My answer to the first question is: a very, very large extent. Parents, no matter how ignorant or blind or stupid or doctrinal or whatever have a right to decide how their children are educated. In exchange for helping to perpetuate the human race, parents get to make fundamental choices in how they raise their children. If a parent wants to educate their child in a religious school, they should be allowed. Now, I don’t think that this is absolute – just extremely far reaching. If a parent wants to send their child to a school that teaches that the Holocaust never happened that is regrettable, but well within the rights of the parent. If the parent wants to teach their child to go to school and beat another child to death – that is aiding and abetting the commission of a crime and is manslaughter. I also feel that when a parent entrusts a child to a school, then they give up some of their rights as to what a child can be taught. So many parents, for example, complain that schools teach about condoms and stuff in schools and that they don’t want their children taught that. But if you want to benefit from free state education, you have to accept some of the things that will happen in public school. Similarly, if you don’t want someone teaching your child that Jesus is God, keep them out of Christian schools. Otherwise, though, I think the burden of proof should be on proving what situation is severe enough to remove a parent’s right to decide her child’s course of education and not in what situation the parent should be granted the right.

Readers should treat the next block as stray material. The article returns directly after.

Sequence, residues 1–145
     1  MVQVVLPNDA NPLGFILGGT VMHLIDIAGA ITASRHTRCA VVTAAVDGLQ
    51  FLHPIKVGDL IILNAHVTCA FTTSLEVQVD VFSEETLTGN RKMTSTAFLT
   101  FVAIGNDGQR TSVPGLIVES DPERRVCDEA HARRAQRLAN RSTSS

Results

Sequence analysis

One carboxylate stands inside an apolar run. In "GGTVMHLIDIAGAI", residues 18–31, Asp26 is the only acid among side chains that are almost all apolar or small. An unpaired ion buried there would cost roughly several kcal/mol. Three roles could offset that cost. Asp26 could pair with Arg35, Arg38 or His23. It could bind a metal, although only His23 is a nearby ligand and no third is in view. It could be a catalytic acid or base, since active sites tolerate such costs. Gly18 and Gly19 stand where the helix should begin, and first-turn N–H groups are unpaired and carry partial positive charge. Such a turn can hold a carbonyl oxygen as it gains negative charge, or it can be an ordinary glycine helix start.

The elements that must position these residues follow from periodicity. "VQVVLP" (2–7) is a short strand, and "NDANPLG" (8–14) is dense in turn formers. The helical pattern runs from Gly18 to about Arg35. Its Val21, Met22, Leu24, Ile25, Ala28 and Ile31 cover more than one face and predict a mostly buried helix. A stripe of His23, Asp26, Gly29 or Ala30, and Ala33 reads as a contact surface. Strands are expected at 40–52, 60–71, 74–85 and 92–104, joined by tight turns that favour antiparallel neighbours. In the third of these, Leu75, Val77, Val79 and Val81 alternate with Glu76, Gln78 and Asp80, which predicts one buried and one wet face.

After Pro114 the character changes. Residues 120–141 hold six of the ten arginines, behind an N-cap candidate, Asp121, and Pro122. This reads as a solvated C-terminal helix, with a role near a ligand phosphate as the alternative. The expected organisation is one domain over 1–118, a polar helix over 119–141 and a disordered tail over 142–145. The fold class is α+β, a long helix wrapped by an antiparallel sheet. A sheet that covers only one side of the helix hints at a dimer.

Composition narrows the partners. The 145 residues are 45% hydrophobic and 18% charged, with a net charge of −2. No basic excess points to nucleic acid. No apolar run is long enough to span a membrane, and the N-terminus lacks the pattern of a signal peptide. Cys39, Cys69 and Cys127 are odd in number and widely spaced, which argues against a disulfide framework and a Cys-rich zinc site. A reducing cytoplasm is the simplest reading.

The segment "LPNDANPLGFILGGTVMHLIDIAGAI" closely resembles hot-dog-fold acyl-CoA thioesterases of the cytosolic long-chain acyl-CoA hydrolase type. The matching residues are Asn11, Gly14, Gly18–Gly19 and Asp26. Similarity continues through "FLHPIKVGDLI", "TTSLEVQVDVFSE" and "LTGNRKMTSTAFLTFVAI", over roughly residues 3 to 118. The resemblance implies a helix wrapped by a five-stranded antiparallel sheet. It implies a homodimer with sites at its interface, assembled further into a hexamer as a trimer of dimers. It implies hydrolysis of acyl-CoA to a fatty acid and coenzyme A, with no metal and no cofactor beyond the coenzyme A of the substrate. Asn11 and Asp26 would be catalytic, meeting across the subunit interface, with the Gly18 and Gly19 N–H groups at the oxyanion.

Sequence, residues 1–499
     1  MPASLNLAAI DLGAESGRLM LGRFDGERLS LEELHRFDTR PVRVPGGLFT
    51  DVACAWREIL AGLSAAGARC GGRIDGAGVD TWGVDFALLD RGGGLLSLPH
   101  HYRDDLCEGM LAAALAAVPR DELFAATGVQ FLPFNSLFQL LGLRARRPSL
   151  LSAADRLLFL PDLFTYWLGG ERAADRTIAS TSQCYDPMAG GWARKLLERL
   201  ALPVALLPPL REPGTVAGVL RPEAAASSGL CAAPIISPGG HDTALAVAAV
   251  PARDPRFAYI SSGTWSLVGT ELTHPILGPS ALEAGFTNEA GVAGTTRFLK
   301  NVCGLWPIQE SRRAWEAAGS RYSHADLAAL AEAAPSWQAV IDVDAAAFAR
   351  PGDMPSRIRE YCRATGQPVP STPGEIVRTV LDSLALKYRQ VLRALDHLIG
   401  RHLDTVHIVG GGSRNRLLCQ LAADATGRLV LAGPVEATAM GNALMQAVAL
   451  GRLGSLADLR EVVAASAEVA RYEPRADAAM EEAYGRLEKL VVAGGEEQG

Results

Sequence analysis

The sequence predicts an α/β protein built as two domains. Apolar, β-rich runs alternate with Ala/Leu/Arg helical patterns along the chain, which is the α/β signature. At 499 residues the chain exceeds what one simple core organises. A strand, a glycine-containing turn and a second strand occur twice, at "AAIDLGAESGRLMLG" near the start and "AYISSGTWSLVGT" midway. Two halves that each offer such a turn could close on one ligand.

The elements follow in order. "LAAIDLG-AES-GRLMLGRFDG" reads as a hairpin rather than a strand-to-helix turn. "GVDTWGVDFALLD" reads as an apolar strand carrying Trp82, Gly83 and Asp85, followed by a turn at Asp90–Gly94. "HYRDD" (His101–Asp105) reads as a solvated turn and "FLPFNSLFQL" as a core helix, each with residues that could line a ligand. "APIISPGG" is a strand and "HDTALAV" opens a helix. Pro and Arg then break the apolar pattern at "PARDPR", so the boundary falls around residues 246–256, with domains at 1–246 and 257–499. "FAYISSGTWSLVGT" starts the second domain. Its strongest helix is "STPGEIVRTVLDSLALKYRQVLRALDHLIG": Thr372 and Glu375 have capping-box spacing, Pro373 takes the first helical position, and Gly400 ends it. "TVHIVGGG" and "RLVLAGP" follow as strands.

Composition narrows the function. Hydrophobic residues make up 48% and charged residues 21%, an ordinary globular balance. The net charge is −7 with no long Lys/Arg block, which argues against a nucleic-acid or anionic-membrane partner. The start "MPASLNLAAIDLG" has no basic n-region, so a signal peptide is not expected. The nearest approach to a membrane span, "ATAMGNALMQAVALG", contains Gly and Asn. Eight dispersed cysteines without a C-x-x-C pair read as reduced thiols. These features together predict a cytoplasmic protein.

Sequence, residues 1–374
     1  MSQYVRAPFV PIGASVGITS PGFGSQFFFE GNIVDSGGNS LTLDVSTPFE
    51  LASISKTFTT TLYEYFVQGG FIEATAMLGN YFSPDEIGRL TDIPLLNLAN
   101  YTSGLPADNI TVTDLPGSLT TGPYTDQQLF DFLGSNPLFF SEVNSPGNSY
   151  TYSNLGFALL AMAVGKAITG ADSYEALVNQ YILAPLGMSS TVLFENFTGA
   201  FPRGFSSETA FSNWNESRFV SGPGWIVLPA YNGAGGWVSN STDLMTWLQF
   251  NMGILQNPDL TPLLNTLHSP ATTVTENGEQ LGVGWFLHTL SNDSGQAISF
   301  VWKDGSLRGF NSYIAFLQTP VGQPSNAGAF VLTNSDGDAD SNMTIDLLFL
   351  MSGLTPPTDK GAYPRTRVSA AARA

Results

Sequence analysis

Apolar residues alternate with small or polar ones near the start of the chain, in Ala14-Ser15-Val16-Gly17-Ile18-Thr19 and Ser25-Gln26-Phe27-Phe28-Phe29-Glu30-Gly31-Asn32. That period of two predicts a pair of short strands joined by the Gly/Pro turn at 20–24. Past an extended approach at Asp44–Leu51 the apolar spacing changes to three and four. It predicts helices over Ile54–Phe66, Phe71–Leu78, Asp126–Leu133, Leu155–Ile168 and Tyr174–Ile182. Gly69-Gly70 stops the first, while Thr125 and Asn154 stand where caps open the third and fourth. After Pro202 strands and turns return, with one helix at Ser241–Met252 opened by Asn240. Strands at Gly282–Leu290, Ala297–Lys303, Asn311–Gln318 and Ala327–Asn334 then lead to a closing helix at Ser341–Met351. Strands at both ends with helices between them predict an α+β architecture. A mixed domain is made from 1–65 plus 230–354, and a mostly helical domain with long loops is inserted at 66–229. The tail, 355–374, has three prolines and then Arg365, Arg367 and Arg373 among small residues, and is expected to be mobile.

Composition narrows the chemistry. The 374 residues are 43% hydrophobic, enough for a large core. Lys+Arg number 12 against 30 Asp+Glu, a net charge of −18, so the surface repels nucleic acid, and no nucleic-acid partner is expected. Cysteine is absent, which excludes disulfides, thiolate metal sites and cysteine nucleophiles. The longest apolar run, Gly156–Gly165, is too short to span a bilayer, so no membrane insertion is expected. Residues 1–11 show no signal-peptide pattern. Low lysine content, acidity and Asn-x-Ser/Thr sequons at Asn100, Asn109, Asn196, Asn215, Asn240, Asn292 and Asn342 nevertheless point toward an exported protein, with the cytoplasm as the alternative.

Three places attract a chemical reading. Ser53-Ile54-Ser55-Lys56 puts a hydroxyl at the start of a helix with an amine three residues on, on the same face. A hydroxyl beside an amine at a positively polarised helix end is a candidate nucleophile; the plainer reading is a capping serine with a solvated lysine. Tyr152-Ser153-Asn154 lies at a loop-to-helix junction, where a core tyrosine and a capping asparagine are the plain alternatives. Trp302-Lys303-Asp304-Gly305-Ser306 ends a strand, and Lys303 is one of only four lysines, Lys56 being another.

Second, is that if your legislation or constitution protects religious freedom – as the First Amendment does in the United States – then the government should not outlaw the teaching of religious doctrines in religious schools. “Congress shall make no law respecting an establishment of religion, or prohibiting the free exercise thereof…” Considering that practicing religion and perpetuating religion is incumbent upon educating people in religion, then it is a violation of the constitution to prevent people from teaching doctrine as truth in religious schools. If, however, the state in question doesn’t have any laws practicing the exercise of religion, then perhaps it is OK. But I think that most western countries recognize the Universal Declaration of Human Rights of which Article 18 discusses the right to practice religion as being a fundamental human right.